Fun Facts About the Italian Job 2003 Mini Cooper S
There are lots of iconic movie cars, but very few “small” cars outside of Herbie the Love Bug and, of course, the Mini Cooper from the Italian Job. In fact, both the original 1969 and the 2003 movie, act as a full-length commercial for the Mini Cooper.
The original picture features three Mk1 Austin Mini Cooper S’s, in red, white and blue and the 2003 movie showcases the 2003 Mini Cooper S, modified both on and off-screen.
On-Screen and Off-Screen Modifications
On screen, the Mini Coopers were to be used to “get back the gold” after a double-cross. The main characters devise a plan to update and modify three small cars (Mini Coopers). They want them to be FAST and with a beefier suspension to carry the heavy bars of gold they hope to recover.
Off-screen, it was actually necessary for the movie makers to make modifications to the three cars before shooting could take place. Two electric-powered Mini Coopers and a Mini Cooper S had to be built because gasoline-powered vehicles are prohibited in Los Angeles’ subway system. Without the modifications, that iconic chase scene through the tunnels could not have taken place.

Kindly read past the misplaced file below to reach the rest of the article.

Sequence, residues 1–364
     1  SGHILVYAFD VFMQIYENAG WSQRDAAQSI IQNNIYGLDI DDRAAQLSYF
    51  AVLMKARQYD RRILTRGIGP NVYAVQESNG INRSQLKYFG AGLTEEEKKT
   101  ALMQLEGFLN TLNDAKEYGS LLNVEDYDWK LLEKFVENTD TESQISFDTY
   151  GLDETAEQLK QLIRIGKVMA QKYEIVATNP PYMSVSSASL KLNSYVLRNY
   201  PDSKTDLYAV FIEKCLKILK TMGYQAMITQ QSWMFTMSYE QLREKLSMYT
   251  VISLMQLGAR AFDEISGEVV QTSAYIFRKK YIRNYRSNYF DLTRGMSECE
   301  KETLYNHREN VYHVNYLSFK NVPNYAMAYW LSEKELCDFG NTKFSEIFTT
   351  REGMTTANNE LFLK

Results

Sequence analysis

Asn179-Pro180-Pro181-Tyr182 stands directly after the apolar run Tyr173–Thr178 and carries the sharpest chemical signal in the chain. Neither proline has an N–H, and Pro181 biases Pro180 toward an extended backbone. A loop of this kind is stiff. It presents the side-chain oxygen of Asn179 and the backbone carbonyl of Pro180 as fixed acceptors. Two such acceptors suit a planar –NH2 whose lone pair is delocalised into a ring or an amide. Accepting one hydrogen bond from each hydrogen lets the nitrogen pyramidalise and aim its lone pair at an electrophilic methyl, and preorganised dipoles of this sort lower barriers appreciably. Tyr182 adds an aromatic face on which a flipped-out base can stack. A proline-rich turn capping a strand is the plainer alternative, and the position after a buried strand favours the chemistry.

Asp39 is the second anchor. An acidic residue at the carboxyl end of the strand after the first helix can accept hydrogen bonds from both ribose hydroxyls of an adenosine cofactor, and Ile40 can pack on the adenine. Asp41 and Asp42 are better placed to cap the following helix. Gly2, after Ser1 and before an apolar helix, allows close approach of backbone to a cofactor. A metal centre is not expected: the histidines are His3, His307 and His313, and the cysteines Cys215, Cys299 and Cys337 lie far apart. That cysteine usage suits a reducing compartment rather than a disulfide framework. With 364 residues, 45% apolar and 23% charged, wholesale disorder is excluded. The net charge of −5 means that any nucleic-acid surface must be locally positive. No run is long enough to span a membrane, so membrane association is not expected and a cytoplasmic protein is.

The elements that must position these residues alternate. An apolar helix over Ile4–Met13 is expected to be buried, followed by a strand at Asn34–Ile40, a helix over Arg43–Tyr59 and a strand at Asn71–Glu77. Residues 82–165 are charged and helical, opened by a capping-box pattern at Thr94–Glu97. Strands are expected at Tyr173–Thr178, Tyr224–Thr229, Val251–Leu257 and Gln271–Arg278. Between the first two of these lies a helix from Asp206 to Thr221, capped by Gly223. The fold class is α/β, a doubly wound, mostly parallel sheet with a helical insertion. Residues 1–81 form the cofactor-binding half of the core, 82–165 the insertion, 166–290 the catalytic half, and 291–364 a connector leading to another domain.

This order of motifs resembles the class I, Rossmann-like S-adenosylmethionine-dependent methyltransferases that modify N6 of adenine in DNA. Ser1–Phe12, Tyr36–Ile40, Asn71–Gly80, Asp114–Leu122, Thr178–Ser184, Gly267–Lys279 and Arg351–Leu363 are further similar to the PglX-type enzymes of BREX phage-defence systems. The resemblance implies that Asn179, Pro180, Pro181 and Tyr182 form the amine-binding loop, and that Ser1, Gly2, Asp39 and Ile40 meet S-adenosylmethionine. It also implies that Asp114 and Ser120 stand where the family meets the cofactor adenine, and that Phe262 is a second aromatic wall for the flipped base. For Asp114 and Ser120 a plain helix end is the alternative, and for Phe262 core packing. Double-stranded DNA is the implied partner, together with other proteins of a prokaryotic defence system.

Another Mini Cooper with two steering wheels was used for some of the shooting. This was so that a stunt driver could navigate while the actors did their thing for the camera. This one of a kind Mini now sits on display at the Mini factory in Cowley, Oxford.
Specs on a Non-Modified 2003 Mini Cooper S
The Italian Job (2003) – Trailer – Paramount – YouTube
How close to what you see on the screen is a real Mini Cooper S?
A non-modified 2003 Mini Cooper S has a 1.6-liter four-cylinder engine with a mechanical-drive supercharger and produces 163 horsepower. Though it’s a bit slow off the line, the six-speed manual transmission means there’s plenty of power and good control. However, be prepared to do a lot of shifting. If it’s your daily driver, you may find that to be a bit of a nuisance.
All in all, people find the Mini-Cooper fun to drive around. However, most agree that the size and shifting make it a bit impractical for families or the daily commute.